In the proof for Lemma 2, the authors define two initial states to be adjacent if the only difference between them is the value in the input register $x_p$ for a single process $p$. Then, they claim that any two initial configurations can be joined by a chain of initial configurations, each adjacent to the next.
However, if two initial states differ in the internal storage of a single process $p$, then there is no way to make them adjacent. The definition of initial state seems to include the internal state as suggested from the following excerpt.
The values in the input and output registers, together with the program counter and internal storage, comprise the internal state. Initial states prescribe fixed starting values for all but the input register; in particular, the output register starts with value b.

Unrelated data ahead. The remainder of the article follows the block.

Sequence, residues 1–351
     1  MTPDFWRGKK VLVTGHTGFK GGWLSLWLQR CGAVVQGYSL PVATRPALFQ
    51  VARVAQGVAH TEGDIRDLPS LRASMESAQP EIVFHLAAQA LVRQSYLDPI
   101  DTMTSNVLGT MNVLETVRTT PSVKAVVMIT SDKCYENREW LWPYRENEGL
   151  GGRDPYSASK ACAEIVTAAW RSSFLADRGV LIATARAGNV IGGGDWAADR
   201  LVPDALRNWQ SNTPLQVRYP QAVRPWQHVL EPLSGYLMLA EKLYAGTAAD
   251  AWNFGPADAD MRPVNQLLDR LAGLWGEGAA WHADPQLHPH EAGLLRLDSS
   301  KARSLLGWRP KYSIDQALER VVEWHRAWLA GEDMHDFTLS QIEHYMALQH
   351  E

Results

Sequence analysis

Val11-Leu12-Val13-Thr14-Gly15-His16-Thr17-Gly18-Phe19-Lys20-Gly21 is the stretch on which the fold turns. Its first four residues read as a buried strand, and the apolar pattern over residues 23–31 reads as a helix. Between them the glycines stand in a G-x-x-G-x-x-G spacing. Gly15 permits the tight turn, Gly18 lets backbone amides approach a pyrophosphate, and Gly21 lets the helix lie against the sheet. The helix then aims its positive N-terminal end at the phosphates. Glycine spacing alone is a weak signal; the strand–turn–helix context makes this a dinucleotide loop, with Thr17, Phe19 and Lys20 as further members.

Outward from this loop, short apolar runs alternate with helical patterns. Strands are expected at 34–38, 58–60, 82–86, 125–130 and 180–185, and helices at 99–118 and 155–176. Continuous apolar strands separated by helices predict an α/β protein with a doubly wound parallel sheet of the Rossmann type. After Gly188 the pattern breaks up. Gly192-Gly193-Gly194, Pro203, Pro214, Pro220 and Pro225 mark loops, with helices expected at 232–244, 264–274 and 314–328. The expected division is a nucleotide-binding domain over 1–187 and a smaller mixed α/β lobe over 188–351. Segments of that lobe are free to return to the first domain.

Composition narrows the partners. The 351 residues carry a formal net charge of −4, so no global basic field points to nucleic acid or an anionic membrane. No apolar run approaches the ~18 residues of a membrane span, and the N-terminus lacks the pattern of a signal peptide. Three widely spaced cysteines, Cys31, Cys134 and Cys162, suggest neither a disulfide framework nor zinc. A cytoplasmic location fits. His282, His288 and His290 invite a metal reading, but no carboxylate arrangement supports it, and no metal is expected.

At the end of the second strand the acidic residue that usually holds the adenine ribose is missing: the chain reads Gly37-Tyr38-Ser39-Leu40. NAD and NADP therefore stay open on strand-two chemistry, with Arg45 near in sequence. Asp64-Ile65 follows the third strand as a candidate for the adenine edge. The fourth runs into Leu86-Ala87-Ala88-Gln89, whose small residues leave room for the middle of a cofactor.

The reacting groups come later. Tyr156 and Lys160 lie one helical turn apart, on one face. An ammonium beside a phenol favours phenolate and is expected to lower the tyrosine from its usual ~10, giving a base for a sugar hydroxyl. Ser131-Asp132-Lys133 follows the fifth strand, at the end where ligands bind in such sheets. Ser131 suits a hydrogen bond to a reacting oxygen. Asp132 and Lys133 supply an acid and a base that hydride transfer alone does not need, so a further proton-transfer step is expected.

I know this doesn't change the point of the Lemma, as the decision value cannot depend solely on the internal state of some process in an initial configuration, but I was wondering what the authors intended with the precise definition of adjacent initial configurations.